Frontline pertuzumab plus trastuzumab and docetaxel improved survival by nearly 16 months in metastatic HER2-positive breast cancer, according to results from the phase III CLEOPATRA study that are now published in The New England Journal of Medicine.
Sandra M. Swain, MD
The addition of pertuzumab (Perjeta) to trastuzumab (Herceptin) and docetaxel as a first-line therapy for metastatic HER2-positive breast cancer improved overall survival (OS) by nearly 16 months versus trastuzumab plus docetaxel, according to findings from the phase III CLEOPATRA study. The results, which were initially reported at the 2014 ESMO Congress, have now been published in The New England Journal of Medicine.
“We’ve never really seen this kind of survival in such an aggressive form of breast cancer before,” said lead author Sandra M. Swain, MD, medical director, Washington Cancer Institute at MedStar Washington Hospital Center, in an interview with OncLive.
The double-blind, phase III CLEOPATRA trial randomized 808 patients with unresectable or metastatic HER2-positive breast cancer to frontline therapy with trastuzumab and docetaxel plus either pertuzumab (n = 402) or placebo (n = 406).
Patients received either placebo or pertuzumab, given as an 840-mg loading dose followed by a 420-mg maintenance dose, plus trastuzumab, given as an 8-mg/kg loading dose followed by a 6-mg/kg maintenance dose, and 6 cycles of docetaxel, 75 mg/m2 with escalation to 100 mg/m2 if tolerated. Treatments were administered every 3 weeks until disease progression or unacceptable toxicity.
Enrolled patients were required to have an ECOG performance status of 0 or 1. One hormonal treatment for metastatic disease, as well as adjuvant or neoadjuvant chemotherapy with or without trastuzumab were allowed.
The primary endpoint was progression-free survival (PFS). Secondary endpoints included OS, overall response rate (ORR), and duration of response.
At a median follow-up of 49.5 months in the pertuzumab arm and 50.6 months in the control group, the median OS was 56.5 months and 40.8 months, respectively (HR = 0.68; 95% CI, 0.56-0.84; P <.001).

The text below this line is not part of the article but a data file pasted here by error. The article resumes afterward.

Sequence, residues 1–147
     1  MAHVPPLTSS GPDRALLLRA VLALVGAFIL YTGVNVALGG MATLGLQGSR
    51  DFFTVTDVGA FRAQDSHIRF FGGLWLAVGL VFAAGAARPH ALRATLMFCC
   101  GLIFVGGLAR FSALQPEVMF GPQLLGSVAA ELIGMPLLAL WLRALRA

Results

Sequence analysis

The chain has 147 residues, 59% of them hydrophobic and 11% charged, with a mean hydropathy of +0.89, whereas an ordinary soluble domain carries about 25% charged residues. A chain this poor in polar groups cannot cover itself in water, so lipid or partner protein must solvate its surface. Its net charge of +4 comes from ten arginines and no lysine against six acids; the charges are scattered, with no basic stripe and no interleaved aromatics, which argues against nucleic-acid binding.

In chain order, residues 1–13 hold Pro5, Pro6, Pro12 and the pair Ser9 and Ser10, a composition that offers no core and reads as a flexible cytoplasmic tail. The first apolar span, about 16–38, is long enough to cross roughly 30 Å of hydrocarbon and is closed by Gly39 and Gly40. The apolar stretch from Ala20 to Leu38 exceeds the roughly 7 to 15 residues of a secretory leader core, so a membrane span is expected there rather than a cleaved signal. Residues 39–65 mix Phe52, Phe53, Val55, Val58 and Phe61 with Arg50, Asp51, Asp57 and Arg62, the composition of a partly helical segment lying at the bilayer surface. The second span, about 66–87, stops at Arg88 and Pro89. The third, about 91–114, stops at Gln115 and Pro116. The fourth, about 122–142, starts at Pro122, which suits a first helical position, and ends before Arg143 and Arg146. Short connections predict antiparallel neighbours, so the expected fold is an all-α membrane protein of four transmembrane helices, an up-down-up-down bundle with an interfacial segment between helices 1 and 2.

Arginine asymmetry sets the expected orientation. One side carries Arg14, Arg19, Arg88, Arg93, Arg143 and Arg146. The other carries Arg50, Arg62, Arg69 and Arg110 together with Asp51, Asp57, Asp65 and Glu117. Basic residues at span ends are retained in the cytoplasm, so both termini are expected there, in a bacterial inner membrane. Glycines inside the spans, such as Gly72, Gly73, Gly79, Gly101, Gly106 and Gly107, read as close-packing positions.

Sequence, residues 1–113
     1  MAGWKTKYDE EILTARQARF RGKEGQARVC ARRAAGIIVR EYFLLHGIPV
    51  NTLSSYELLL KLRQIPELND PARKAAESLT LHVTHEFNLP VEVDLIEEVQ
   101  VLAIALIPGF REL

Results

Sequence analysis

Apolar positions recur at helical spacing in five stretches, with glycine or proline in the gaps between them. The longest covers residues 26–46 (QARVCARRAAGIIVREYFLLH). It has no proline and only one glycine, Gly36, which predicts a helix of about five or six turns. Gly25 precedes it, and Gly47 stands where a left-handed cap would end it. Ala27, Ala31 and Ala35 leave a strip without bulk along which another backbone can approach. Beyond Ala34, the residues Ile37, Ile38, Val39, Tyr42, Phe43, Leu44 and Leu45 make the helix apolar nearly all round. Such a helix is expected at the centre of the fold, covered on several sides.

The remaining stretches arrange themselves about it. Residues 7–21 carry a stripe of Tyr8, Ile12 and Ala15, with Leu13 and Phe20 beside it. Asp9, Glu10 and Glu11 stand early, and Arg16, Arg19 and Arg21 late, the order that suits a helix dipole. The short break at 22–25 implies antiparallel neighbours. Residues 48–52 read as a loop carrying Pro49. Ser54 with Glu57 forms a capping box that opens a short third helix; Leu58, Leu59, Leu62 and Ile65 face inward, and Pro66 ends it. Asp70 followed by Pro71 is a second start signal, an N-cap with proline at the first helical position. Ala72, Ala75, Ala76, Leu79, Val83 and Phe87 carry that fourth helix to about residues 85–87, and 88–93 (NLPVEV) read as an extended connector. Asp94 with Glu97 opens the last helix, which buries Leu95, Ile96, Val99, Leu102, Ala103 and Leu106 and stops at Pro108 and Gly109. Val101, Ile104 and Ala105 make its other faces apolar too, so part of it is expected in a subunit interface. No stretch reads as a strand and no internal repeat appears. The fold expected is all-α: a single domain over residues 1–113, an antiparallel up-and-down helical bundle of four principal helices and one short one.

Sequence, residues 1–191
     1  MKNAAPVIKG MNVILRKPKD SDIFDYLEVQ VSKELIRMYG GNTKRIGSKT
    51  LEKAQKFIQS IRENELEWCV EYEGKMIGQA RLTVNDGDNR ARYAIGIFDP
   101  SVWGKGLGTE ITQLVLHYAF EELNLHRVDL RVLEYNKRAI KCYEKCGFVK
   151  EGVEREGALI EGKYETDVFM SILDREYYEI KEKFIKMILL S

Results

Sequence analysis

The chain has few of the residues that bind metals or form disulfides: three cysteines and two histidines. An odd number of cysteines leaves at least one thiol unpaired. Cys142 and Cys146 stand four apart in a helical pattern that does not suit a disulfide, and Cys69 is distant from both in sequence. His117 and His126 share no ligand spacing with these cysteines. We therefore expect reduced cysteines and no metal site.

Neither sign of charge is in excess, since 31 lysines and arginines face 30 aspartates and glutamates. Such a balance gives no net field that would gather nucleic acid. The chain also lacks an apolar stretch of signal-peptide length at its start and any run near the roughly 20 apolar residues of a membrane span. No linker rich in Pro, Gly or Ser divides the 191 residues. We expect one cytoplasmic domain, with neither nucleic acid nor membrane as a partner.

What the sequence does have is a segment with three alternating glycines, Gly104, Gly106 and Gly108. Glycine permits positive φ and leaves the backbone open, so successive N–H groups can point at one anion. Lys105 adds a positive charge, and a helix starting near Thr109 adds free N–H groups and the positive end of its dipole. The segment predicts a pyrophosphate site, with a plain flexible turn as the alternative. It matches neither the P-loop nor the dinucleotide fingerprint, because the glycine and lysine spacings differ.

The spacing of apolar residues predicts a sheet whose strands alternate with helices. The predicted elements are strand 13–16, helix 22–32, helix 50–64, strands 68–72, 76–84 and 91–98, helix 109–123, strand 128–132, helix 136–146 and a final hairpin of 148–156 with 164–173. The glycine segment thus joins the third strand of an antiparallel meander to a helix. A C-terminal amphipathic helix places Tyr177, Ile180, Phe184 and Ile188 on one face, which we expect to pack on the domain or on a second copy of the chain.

Investigator-assessed median PFS was 18.7 months in patients receiving pertuzumab and 12.4 months in the placebo arm (HR = 0.68; 95% CI, 0.58-.80; P <.001). The median duration of response was 20.2 months and 12.5 months, respectively.
The OS and PFS benefits with pertuzumab were consistent in predetermined subgroup analyses.
“I think the exciting thing is that the patients are living much longer, and even if in the advanced stage they eventually have progression of their disease, there are many more studies ongoing [that are] looking at trying to improve [outcomes],” Swain said.
Most adverse events (AEs) were grade 1 or 2 and occurred during docetaxel administration and declined after discontinuation.
The most common AEs of any grade in the pertuzumab arm were diarrhea (28.1% vs 14.2%), rash (18.3% vs 8.0%), upper respiratory tract infection (18.3% vs 12.3%), headache (17.0% vs 12.3%), pruritus (13.7% vs 5.7%), asthenia (13.4% vs 8.8%), and fatigue (13.4% 9.6%).
Cardiac toxicity was not increased in the pertuzumab arm compared with the placebo group. The rate of left ventricular dysfunction in the two arms was 6.6% and 8.6%, respectively.
In their discussion, the authors noted some of the challenges that remain in this setting, including the need for biomarkers to identify who will benefit most from dual-HER2 blockade with pertuzumab/trastuzumab. It is also important to determine whether hormonal therapy plus pertuzumab and trastuzumab is more effective than hormonal therapy plus trastuzumab alone in patients with hormone receptor—positive disease, according to the authors.
The significance of the CLEOPATRA outcomes has become even more significant since the disappointing results were reported for frontline T-DM1 (ado-trastuzumab emtansine; Kadcyla) in the phase III MARIANNE trial.
MARIANNE randomized women with previously untreated advanced HER2-positive breast cancer to T-DM1 plus or minus pertuzumab compared with trastuzumab plus either docetaxel or paclitaxel.
Although positive phase II data had indicated that T-DM1 would succeed in the frontline setting, the phase III results showed that neither T-DM1 arm improved outcomes versus standard trastuzumab plus chemotherapy.
With the negative T-DM1 MARIANNE results, the pertuzumab/trastuzumab regimen that succeeded in the CLEOPATRA trial is now firmly established as the first-line standard of care for patients with HER2-positive metastatic breast cancer.
Additional reporting by Gina Columbus.
Swain SM, Baselga J, Kim SB, et al. Pertuzumab, trastuzumab, and docetaxel in HER2-positive metastatic breast cancer. N Engl J Med. 2015;372:724-734.